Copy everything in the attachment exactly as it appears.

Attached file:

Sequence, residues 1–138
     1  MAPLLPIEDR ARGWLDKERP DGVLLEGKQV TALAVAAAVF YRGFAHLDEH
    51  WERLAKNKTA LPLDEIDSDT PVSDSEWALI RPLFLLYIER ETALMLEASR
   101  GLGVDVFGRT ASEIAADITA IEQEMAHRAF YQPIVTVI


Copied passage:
Sequence, residues 1–138
     1  MAPLLPIEDR ARGWLDKERP DGVLLEGKQV TALAVAAAVF YRGFAHLDEH
    51  WERLAKNKTA LPLDEIDSDT PVSDSEWALI RPLFLLYIER ETALMLEASR
   101  GLGVDVFGRT ASEIAADITA IEQEMAHRAF YQPIVTVI